Ode to Victory
Victory, how far you have fallen!
Daughter of rape, sister of monsters, child of Styx who personifies Hate, indentured to war, none expected to find you at Zeus’s side, judging competitions for all time. Named Nike for “shining violence,” you emerged our pinioned goddess, venerated by our cults and in our temples.
We can but imagine the troubled power you wield. De-sexualized virgin, you would never find liberation. Once with sharp-minded wings, little time would pass before you were Icarus’ed: made peaceful, quiet, civil, domestic, ironically carrying a pomegranate. Stripped of your wings, thou woman, merged with Athena, stay home. What torment such captivity must have for you! Victory bound.
So, too, does icon–symbol–offer us wisdom. What power, a stripped and shrunken sign?
Not every Nike keeps her wings.
Acropolis Museum, CC BY-SA 2.5, via Wikimedia Commons
Yet 50 years ago, in 1972, your meaning would re-emerge in fascinating ways. When in that year the rock band Styx would name itself for your mother, did it understand the meaning? Or was it, according to the temple priest DeYoung, “the only name that none of us hated?” And when in that year, a shoe company named itself after you, Nike, was it returning your wings with a swoosh? Alas, your name was conjured on the very morning the shoeboxes required printing, more for euphony than for meaning. It was a love of “K” sounds which found us Nike (just like Kleenex and K-Mart), and your name was added to an already-selected wing logo. When in 1972, the SALT I talks grounded the Nike missiles, we remembered, too well, what business we had with you. But it was also in that year, my goddess, when Marshall Applewhite and Bonnie Nettles first met, and determined that they were divine messengers for a new cult where you would appear, Heaven’s Gate*.
Your name, my once-Winged Victory, borrowed in ignorance, but not free of consequence or significance.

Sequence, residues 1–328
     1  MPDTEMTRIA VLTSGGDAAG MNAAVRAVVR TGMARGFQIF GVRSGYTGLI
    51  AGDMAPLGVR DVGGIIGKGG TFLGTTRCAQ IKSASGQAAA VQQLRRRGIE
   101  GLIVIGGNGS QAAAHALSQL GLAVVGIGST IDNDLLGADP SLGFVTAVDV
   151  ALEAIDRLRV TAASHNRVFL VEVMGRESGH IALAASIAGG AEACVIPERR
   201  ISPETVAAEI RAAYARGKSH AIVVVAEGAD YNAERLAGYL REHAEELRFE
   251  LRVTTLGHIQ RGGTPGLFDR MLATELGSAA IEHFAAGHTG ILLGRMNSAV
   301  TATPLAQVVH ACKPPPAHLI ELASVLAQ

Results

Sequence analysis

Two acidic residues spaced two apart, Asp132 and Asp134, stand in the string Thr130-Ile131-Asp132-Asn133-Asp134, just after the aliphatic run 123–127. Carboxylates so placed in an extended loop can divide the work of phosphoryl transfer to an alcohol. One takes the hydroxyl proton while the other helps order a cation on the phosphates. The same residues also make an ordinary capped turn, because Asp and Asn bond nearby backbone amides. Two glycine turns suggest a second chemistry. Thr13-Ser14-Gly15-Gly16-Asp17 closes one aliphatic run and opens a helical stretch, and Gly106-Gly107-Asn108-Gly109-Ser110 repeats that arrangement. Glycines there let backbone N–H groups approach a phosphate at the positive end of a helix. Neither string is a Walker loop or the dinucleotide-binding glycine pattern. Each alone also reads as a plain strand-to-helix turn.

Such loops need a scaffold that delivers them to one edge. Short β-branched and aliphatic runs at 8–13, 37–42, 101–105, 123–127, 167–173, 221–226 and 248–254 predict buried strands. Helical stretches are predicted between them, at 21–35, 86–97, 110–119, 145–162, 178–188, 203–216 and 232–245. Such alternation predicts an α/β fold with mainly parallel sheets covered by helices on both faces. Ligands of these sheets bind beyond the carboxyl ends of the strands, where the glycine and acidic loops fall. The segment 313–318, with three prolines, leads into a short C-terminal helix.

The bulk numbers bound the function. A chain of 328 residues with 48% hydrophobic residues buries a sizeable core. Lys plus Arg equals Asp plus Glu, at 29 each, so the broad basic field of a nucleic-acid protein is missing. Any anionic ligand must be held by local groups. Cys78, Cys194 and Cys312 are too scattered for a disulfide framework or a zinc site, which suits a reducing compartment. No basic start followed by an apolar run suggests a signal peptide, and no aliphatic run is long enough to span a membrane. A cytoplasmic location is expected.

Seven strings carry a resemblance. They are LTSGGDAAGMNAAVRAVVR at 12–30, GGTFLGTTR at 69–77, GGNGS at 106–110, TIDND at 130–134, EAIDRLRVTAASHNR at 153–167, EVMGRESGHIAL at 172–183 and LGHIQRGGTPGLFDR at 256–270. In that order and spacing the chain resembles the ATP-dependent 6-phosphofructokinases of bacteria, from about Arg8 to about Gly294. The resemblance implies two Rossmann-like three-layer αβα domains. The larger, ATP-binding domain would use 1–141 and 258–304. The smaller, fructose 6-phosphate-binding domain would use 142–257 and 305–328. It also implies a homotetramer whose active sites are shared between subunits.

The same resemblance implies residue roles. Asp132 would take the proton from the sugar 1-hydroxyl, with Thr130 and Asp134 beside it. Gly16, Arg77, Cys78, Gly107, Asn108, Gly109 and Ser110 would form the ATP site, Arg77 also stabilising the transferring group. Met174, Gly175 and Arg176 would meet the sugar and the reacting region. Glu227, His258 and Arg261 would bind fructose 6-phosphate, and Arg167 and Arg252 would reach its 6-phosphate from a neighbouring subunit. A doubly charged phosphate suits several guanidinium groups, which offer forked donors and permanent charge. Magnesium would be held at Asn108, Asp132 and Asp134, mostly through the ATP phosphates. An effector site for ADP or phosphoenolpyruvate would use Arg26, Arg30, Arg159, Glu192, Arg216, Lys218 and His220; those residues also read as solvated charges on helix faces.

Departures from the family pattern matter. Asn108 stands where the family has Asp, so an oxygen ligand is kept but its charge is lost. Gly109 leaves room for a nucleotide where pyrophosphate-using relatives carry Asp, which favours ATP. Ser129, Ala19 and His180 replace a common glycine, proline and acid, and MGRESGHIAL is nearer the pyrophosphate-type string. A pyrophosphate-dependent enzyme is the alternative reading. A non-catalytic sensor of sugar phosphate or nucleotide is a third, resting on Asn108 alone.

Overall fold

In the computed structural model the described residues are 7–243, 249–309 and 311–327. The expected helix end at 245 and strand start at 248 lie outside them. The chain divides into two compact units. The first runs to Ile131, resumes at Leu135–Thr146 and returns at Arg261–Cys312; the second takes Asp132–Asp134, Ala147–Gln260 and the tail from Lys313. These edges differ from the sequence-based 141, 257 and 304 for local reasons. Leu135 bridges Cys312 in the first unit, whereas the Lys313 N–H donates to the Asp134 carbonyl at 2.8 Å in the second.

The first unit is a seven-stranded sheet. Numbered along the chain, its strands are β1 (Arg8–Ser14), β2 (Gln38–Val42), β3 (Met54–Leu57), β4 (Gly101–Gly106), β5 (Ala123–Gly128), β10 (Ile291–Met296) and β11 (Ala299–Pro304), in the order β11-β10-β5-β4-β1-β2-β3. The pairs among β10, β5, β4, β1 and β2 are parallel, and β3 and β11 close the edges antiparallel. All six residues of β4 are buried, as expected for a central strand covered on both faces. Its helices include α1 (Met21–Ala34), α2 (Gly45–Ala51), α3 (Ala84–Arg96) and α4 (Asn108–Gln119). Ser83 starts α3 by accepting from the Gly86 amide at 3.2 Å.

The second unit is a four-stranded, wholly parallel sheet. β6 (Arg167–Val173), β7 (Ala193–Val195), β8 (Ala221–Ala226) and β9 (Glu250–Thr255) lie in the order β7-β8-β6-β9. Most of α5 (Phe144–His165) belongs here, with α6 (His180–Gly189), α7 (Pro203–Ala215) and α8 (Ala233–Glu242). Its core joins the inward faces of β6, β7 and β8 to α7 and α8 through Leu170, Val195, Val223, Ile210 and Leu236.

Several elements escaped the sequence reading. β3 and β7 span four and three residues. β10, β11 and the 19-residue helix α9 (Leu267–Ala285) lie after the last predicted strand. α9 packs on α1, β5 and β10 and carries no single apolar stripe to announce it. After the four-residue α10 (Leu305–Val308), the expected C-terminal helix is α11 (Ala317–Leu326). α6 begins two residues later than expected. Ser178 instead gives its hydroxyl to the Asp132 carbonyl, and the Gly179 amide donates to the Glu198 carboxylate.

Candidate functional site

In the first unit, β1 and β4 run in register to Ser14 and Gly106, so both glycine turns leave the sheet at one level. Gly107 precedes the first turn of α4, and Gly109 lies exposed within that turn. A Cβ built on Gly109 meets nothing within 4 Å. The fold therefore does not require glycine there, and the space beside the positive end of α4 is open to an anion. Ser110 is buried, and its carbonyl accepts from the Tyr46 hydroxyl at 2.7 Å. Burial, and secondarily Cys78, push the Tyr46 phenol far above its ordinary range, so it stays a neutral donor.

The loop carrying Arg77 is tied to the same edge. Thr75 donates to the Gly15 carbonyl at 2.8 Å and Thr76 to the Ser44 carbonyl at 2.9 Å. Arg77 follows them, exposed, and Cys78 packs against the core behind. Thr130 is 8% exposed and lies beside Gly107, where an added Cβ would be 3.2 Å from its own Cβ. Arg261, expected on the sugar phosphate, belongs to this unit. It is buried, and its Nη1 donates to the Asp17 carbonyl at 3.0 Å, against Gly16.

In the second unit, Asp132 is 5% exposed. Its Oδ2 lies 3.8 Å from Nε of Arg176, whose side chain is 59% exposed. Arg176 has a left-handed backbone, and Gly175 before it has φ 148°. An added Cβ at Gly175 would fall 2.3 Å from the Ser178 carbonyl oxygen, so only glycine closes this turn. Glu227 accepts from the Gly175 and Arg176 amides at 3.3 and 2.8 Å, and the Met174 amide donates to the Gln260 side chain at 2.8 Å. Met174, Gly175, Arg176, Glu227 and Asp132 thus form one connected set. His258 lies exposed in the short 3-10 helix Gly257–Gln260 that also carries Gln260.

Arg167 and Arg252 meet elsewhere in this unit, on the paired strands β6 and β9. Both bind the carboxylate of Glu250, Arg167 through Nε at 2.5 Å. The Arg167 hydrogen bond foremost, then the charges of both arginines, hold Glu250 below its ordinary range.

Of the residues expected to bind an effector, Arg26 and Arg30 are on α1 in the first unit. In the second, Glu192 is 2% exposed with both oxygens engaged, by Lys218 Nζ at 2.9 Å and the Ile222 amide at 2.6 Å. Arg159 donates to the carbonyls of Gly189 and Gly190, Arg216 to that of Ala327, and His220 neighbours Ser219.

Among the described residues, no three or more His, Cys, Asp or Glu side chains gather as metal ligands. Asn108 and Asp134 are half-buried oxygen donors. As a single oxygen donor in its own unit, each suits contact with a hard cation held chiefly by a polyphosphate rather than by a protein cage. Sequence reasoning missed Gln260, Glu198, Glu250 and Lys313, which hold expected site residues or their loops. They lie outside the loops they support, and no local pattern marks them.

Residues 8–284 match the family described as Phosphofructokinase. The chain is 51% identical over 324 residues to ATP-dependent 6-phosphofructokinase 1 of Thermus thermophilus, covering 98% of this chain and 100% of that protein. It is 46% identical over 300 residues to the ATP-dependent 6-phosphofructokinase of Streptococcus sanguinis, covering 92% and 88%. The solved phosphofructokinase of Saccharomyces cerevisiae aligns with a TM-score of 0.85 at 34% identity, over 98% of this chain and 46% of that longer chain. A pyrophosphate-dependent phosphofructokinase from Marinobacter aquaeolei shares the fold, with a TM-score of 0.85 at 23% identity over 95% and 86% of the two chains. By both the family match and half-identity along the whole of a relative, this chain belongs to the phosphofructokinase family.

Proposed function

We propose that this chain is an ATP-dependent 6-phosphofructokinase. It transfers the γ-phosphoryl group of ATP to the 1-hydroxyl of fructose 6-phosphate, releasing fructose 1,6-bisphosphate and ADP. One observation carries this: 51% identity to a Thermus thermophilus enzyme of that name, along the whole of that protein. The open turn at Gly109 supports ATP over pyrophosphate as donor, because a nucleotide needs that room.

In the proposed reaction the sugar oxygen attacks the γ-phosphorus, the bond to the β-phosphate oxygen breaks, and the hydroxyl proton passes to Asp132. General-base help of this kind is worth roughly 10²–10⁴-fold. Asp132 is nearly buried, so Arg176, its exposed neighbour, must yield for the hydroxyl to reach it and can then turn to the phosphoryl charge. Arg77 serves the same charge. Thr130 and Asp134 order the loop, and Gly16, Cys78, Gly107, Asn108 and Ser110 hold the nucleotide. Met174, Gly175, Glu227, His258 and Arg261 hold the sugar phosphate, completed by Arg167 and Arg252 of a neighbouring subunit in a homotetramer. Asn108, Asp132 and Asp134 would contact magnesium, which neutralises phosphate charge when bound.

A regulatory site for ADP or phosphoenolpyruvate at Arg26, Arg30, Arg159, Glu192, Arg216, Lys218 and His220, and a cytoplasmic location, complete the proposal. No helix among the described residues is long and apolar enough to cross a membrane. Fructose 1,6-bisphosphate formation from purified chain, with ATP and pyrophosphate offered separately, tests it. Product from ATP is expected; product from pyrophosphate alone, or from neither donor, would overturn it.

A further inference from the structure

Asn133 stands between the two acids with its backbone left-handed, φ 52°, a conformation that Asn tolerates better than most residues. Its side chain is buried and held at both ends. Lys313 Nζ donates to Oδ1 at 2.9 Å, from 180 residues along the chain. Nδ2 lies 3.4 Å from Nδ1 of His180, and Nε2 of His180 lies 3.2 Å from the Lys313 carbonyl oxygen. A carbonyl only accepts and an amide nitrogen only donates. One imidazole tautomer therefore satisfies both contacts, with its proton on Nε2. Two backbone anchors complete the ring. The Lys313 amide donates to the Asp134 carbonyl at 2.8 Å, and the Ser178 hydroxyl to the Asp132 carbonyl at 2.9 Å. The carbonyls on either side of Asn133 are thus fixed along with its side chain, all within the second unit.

But intention is no excuse for a loss of meaning. In that year, wings–the free element of power and sharpness–are from your divine but defrocked image. What kind of Victory was America expecting . . .?
“Your name, my once-Winged Victory, borrowed in ignorance, but not free of consequence or significance.“
What does it mean to win? We talk remorsefully about the cutthroat tactics of CEOs, hedge fund managers, and political lobbyists. The Left will decry cases like Citizens United as dehumanizing. Bernie Sanders calls for a fight, but warns that we should not “enter that world of despair. We can win this fight if we stand together.” We think too often of David and of Goliath, and our right to bring down every giant with a million slingshots. If there is Justice in the world, why then . . . .
But Victory (Nike) is not Justice (Themis). And even Themis, for her part, a goddess of natural or divine law, was seen sometimes as blindfolded not because of a principle for fairness, but that she might better connect to her “second sight” oracular power at Delphi. There is no family blood between the two.
I’m certain it means nothing.
Photograph by albyantoniazzi, http://www.brandmurder.com/gallery/broken-swoosh/
And America has always known this, despite its intentional protests. The Founding architecture of our country was built upon a (Neo)Classical style, reinforcing the spirit of Nike’s Age, the temples of her wisdom. We can pardon Blackwater villains, declare “Victory” in Iraq, create a School of the Americas, and in 1972, even break into Democratic National Committee headquarters. It’s about winning. Manifest Destiny.
And whatever we may believe, Victory’s brethren are Kratos (Strength) and Bia (Force), not moral certainty, not principled action, neither Justice.
And you, oh Nike, are not so domesticated as we might have hoped. Oh Sister of Monsters, Daughter of War and Hate, still offering the Pomegranate, you of “shining violence,” what troubled power you wield. And still we adore you.
Time stands still as I gaze In her waters
She eases me down, touching me gently
With the waters that flow past my boat on the river
So I won’t cry out anymore
Tommy Shaw, Styx, “Boat on the River”
Atsma, Aaron. “‘Nike.’” Theoi Project, 2017, https://www.theoi.com/Daimon/Nike.html.
Levinson, Philip. “How Nike Almost Ended up with a Very Different Name.” Business Insider, 20 Jan. 2016, https://businessinsider.com/how-nike-got-its-name-2016-1.
“Nike.” Story Map Journal. https://arcgis.com/apps/MapJournal/index.html?appid=e0466015d6764f66925326b7837c4e73. Accessed Oct. 2021.
Reimann, Matt. “Suicide, Nikes, and Comet Space Ships: The Story of the Heaven’s Gate Cult.” Medium, 14 May 2018, https://timeline.com/the-heavens-gate-mass-suicide-7f440ab4b333?gi=9d87ef1ddca3.
Ronkowitz, Ken. Styx. 23 May 2013, https://whynameitthat.blogspot.com/2013/05/styx.html.
Sanders, Bernie. “‘What the Billionaire Class…’” Twitter, 6 Mar. 2020, https://twitter.com/berniesanders/status/1235932507385839617?lang=he.
Wicker, Alden. Nike & The Most Infamous Normcore Cult Suicide Of All Time. 1 Oct. 2021, https://refinery29.com/en-us/heavens-gate-cult-nike-decades-reddit-story.
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